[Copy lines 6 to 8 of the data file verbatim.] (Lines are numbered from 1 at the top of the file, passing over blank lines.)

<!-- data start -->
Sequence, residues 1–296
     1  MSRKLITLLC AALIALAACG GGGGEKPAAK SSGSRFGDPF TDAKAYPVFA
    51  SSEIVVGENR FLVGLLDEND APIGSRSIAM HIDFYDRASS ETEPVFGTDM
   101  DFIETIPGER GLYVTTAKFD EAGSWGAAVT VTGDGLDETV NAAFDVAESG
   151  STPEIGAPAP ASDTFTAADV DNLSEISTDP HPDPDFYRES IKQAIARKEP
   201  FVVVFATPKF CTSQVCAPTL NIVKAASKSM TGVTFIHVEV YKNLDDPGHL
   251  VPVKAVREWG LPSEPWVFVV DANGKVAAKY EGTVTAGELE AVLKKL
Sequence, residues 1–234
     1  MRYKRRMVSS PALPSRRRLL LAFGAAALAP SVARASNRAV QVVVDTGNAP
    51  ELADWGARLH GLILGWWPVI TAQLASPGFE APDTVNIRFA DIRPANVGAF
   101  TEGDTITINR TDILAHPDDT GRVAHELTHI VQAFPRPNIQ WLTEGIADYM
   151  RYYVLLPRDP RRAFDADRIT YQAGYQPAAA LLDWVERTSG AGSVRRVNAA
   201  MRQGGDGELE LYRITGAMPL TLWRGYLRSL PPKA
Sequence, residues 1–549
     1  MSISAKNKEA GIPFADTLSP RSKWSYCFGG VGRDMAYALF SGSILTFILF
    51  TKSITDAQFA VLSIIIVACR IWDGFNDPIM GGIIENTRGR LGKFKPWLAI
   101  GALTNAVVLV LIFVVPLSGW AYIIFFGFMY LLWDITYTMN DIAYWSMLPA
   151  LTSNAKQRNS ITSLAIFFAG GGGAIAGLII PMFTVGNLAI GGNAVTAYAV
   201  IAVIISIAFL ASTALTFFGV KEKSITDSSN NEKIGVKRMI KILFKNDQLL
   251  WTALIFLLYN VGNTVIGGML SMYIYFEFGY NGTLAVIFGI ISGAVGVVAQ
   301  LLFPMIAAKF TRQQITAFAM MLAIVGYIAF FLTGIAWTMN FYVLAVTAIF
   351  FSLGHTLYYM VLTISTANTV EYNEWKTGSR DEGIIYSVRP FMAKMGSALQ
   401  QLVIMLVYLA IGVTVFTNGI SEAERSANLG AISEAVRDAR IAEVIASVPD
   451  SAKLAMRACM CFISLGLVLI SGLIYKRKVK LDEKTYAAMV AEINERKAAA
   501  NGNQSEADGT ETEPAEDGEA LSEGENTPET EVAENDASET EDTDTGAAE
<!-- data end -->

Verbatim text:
   201  FVVVFATPKF CTSQVCAPTL NIVKAASKSM TGVTFIHVEV YKNLDDPGHL
   251  VPVKAVREWG LPSEPWVFVV DANGKVAAKY EGTVTAGELE AVLKKL
Sequence, residues 1–234